We’d make it farther than we’d ever made it before, eat our sandwiches, bask in the glory of success, think of how everybody else were wasting their summer vacations (sleeping in and playing video games all day), and we’re out here living, experiencing life… a poignant affair for the thick skinned, yes? We’d turn back, take our time exploring the nooks and crannies out in the foothills, sneaking treacherously close to the farms with the electric fences to keep riff-raff like us away, and finally get back home at the gloaming to find my dad relaxing in the backyard, taking advantage of the precious few hot summer nights before basketball season started back up… and he would ask us, with all seriousness, how far we made it this time? We would brag about our day and embellish the adventure to make it seem even more exciting, just to get his approval of our exploits, which was about as important to us as the exploits themselves. “Great work, boys,” he would say. “But do you still think you can go even further next time? Aren’t you worried you’ve gone as far as you can go?”
“Not a chance,” we’d reply in unison, and we’d grab the basketball and rush to the driveway, dragging my dad along, the three of us, shooting hoops in the pacific northwest dusk.
I rode out to Gun Bay on my scooter, still pissed off at Mckeeva and his machinations. Why was he always giving me so much shit? I wondered. He treated me like some sort of imposter, like I wasn’t qualified for the position… which was painfully obvious, although I never shied away from that fact. I had no idea what I was supposed to be doing in my post, and I made that clear to everybody I had any interactions with on the island – Mckeeva included. My days consisted of hanging out by the beach and the palace pool, with breaks for meals and the occasional photo op. That’s essentially it. I got calls every week from Washington, asking how things were going, and I told them what they wanted to hear: “It’s going great – nothing to worry about here, no sir!”
Yang had texted me the previous day to say that he was going to spend the next few weeks in Cuba, and so I decided that I was going to take up semi-permanent residence in the bungalow. I stopped at the East End Public Library to stock up on reading material for my extended stay.
By the time I arrived, I was pleased to see Ruth had already started cooking my favorite Caribbean dish: Crespoline Cosimo, a wonderful lobster and shrimp dish she had introduced to me during my first night on Grand Cayman. We had bonded from the start. I was drawn to her cynicism, wit, and incredibly foul mouth, and I suppose she took a liking to my fervent disinterest in the bureaucratic mess that was her and her family’s life. After all, she was the Premier’s daughter, and it was not until I came along that she started to feel confident in her boiling dissent. I afforded her a sympathetic ear and pulled no punches, and soon we found ourselves hanging around with Yang and his Cuban friends, losing ourselves in discussions of idealistic utopian fantasies and passionate rants against the status quo.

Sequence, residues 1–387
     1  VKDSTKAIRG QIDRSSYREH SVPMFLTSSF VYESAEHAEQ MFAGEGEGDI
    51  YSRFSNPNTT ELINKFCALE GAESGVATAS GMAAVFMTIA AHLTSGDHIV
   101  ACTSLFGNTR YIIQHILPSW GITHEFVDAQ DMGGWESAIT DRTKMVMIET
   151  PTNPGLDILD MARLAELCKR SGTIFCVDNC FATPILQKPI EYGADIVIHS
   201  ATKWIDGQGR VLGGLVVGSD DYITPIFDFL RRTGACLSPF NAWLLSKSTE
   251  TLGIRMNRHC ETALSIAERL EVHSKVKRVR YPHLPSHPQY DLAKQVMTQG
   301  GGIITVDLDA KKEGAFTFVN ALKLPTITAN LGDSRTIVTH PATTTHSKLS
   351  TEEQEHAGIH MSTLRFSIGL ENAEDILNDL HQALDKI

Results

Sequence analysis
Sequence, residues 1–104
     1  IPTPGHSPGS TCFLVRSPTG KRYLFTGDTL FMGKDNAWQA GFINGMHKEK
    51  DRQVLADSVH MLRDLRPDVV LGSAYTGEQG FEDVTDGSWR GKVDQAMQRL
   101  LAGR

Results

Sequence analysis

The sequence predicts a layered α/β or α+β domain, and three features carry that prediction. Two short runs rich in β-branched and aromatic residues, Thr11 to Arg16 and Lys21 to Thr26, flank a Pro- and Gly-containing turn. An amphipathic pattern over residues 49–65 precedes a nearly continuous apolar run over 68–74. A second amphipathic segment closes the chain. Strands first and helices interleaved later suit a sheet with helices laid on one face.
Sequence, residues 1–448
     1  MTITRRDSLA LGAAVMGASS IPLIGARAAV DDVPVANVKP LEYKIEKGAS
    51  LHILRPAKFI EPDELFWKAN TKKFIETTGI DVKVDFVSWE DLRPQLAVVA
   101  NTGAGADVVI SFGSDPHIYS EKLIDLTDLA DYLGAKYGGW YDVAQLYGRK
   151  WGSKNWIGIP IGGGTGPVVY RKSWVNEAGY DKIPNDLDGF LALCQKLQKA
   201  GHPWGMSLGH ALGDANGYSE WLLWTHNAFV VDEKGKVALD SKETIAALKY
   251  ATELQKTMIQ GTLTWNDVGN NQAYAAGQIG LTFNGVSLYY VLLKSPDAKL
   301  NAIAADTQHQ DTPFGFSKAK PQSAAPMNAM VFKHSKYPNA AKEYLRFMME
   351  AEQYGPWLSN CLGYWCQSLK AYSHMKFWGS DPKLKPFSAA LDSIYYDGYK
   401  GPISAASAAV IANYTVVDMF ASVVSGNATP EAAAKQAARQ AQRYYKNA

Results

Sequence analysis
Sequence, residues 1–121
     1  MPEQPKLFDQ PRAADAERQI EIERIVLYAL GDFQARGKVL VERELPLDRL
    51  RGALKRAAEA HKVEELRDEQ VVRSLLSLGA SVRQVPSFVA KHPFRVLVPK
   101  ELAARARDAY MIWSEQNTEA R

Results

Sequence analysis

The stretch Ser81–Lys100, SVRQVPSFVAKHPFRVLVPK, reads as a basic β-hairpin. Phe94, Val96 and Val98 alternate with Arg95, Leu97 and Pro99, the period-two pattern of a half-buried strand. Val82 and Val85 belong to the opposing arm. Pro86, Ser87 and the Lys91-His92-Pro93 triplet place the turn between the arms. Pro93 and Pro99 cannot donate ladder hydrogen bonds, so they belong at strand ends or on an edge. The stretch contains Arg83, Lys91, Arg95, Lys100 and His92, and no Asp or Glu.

“More garlic!” I yelled to Ruth as I carefully laid my guitar case down on its side atop the slats of the wooden patio. A pair of gorgeous green parrots were relaxing on the wooden railing that surrounded the patio.
“How do you know it needs more? You haven’t tasted it yet!”
“You can never have too much garlic,” I said, putting my toiletry bag in the tiny bathroom. “Never. A wise man once told me that. My old friend KP. Have I mentioned him before?”
“Like 50 times!” she exclaimed. “You don’t ever remember anything you tell me!”
“Oh, please.” I rubbed her shoulders. “Anyways, he’s a great guy – you’ll meet him someday!”
I opened up Yang’s liquor cabinet and took out one of the bottles of rum. I helped Ruth finish cooking and we took our meals outside, carrying a rickety old table out towards the white sandy beach. I told her some stories about growing up in the States, the strange circumstances of my father’s disappearance, and my desire to one day leave this slimy world of politics behind. I had always felt an affinity towards sportswriting, and I told her I might give it a shot whenever I returned home.
The sun was setting on our little corner of the island, and as we finished the bottle of rum we headed back inside and made love in the afterglow of the delicate evening. I woke up with a serious headache at just before 3am, and I stumbled into the kitchen to pour myself a large glass of water. I turned on a small lamp in the main living room and sat down in the barcalounger, setting my glass down on the end table. I picked up one of my library books and started to read, only to notice the drawer of the end table was slightly ajar. I opened the drawer and took out a worn manila folder labeled “Bellybuster”.
The parrots were still nestled together on the patio as I listened to the waves gently lapping up against the sand outside my window.
My curiosity piqued, I started to read.